Good, informative, quick and easy read. The author helped me to understand and embrace my natural tendencies to always be curious about the things I observe and to constantly seek to improve myself. Some of the takeaways that I have employed is to create a personal curriculum so that I know what needs to be focused on and to have the confidence to continue in my continuous learning despite a world that pushes for specialization. I particularly enjoyed the symbolism of being "pi" or "comb" shaped versus being "T" shaped, it was a good way to understand the various avenues of learning different subjects and how your breadth expands with each additional branch of knowledge. I would only add that an individual purpose is sorely needed in order for the information in this book to truly be of benefit to you. I believe the author lightly touches on this but I feel a chapter at the beginning in regards to having a definite major purpose at the head of the reasons behind why you're learning in the first place is a must, otherwise you take the chance of learning things that will never materialize into anything of noteworthy importance. Perhaps the author intended to allow the numerous topics one learns to naturally guide them towards a purpose or an "aha!" world changing moment, but I feel this is leaving too much to chance and that everyone should have at least some sort of direction in which to aim their curriculum design towards. As an extreme example, if I worked for a Japanese based company who taught origami courses and only had offices in Japan and the U.S., I'm not sure how spending numerous hours on learning German or studying the history of natural disasters (just because those topics pique my interest) would benefit me unless it aligned with a purpose outside of the company and position that I am currently in. I would still recommend this book to anyone who wishes to take on a more systematic approach to polymathy. The book is packed with good strategies that all polymaths could benefit from and should be read with a definite purpose in mind.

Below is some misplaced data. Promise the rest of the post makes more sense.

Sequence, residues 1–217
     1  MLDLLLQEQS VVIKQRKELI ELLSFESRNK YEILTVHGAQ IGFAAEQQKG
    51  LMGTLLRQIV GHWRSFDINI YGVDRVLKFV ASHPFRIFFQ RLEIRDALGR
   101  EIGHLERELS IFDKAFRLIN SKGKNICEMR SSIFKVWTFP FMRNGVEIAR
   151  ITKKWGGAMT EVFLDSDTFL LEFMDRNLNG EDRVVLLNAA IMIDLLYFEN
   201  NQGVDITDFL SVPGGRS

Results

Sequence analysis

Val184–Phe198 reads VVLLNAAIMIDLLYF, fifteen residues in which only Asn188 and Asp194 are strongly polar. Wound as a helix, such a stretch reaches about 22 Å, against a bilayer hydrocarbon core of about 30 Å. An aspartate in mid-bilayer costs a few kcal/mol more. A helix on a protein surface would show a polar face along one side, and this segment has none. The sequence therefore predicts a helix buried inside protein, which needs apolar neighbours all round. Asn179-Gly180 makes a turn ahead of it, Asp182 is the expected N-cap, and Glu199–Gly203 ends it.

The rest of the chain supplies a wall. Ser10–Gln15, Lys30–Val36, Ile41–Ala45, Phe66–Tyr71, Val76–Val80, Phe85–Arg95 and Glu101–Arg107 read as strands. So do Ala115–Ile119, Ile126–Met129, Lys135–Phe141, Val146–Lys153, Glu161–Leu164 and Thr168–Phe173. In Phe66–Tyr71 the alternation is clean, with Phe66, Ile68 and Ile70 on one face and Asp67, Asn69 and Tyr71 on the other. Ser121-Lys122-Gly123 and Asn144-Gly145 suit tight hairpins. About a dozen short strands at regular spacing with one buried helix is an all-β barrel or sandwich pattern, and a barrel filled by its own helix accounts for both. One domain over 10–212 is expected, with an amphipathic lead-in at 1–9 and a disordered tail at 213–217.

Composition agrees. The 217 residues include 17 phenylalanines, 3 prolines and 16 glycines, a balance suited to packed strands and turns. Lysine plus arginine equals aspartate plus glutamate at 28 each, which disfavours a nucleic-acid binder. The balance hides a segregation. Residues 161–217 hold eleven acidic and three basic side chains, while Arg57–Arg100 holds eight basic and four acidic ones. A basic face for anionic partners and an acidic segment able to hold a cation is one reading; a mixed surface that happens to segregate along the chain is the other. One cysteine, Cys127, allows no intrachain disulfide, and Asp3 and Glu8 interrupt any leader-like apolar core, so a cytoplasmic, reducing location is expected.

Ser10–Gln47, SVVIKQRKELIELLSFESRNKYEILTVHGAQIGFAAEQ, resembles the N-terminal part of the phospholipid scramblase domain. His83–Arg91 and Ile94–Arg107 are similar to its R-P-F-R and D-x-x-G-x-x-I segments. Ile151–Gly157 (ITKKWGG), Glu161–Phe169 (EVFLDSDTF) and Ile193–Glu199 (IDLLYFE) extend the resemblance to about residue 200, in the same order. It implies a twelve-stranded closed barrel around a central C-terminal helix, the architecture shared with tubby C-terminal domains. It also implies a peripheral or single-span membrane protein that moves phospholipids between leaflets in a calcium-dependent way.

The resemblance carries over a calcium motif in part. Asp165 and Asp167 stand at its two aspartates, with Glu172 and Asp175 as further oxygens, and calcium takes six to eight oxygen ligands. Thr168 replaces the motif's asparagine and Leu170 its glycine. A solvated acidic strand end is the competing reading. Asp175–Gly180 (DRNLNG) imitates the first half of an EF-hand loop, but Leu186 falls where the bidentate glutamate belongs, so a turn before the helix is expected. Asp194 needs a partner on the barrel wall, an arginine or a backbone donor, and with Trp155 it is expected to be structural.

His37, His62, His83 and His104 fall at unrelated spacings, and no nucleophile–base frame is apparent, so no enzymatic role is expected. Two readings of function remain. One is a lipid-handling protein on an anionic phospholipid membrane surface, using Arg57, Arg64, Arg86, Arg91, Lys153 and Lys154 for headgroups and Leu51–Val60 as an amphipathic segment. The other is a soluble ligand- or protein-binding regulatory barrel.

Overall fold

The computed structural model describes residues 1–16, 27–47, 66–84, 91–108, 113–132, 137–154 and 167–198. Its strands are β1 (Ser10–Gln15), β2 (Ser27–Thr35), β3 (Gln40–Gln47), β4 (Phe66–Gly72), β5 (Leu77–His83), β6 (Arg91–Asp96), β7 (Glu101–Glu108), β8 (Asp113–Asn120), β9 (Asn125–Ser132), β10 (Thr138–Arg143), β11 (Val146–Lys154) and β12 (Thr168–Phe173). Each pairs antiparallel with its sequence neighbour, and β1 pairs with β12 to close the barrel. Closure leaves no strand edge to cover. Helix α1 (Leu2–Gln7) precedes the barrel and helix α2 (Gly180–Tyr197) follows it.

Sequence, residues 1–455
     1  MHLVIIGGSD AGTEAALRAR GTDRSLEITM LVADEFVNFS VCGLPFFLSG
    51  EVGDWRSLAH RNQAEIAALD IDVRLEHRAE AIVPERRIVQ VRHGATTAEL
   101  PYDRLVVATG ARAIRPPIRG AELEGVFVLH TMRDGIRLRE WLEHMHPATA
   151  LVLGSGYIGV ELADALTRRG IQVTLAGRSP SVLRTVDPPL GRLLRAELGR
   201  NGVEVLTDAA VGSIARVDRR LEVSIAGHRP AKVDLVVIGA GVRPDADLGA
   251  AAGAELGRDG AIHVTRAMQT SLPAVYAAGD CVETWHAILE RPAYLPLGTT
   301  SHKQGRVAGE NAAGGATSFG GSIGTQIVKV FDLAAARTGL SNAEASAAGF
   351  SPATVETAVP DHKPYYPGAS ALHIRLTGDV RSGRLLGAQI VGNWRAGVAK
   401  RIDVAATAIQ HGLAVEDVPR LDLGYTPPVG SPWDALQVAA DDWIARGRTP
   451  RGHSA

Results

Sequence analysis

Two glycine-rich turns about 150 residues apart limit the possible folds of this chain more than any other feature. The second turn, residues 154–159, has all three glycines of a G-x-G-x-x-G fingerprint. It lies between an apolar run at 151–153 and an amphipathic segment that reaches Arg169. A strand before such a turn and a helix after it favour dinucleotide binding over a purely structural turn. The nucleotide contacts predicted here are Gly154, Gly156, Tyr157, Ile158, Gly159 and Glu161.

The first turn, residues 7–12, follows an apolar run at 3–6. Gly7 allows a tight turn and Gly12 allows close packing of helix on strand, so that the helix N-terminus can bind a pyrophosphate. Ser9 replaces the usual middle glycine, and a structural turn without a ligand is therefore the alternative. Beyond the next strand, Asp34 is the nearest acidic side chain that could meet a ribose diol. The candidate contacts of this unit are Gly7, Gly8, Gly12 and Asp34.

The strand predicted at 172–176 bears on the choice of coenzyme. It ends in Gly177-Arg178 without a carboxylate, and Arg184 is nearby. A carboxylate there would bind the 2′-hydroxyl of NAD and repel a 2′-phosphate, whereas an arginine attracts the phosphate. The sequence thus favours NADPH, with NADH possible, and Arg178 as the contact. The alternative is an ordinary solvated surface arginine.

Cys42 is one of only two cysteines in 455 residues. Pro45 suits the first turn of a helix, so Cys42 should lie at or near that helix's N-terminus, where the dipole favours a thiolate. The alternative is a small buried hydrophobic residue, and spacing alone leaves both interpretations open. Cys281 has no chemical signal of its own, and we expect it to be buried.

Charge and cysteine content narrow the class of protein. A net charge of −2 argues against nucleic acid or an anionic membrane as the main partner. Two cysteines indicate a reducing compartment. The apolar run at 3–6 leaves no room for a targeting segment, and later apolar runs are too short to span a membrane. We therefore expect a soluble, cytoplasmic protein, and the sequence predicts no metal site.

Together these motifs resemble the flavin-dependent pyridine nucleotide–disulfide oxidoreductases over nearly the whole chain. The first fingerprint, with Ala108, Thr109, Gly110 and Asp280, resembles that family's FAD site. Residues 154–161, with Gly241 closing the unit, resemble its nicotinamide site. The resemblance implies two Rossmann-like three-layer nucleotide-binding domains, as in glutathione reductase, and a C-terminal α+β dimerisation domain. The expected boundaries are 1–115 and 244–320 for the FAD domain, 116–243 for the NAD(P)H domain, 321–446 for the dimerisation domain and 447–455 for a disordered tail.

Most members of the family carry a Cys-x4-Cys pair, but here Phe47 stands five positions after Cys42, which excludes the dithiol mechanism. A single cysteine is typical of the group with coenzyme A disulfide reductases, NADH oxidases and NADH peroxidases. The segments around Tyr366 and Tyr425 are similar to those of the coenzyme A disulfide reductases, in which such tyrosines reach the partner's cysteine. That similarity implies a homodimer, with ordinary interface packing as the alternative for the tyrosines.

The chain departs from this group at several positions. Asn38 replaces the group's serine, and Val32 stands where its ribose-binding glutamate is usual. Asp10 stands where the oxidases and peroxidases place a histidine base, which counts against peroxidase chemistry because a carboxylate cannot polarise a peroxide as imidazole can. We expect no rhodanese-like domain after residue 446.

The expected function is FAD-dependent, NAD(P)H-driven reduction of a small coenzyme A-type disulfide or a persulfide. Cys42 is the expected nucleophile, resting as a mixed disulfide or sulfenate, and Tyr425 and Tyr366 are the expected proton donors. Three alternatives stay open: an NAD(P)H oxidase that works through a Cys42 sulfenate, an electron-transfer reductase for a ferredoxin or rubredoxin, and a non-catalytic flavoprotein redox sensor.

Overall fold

December 03, 2023
4out of 5
We're in society of specialists, which isn't so bad. The problem of that is. When your skills in that field is no longer needs. And there is a void a hole. What we needed a polymath , a person or persons. Who has many other skills. That he or she can do very good. We need more generalists. The society would be better off.
The work needed to specialize your expertise at the highest level in any field is very intense. So what options are there? Work harder than everyone else? In his book, Polymath, Peter Hollins explains another way. A polymath is someone with more than one interest. By combining interests your skills can be more valuable than being a superstar in one area. One of the keys is skill-stacking. Seeing the extreme difficulty in developing expertise (top 1%) in one subject to the highest levels, it can be more achievable to shoot for being in the 5-15% in 2 or more areas. Besides an easier path to achieving this, there is ample evidence that skill-stacking has been a key to the success of many of the greatest inventors and creators including Einstein and da Vinci. One of my favorite parts of this book is the section where Hollins outlines a process for developing your polymath skills. He starts by helping you identify areas you want to learn more about and how to go wide and identify what specific area you want to focus on.
I thought enough of this book to buy the Hard Cover to gift to my grandson as soon as I finished reading it.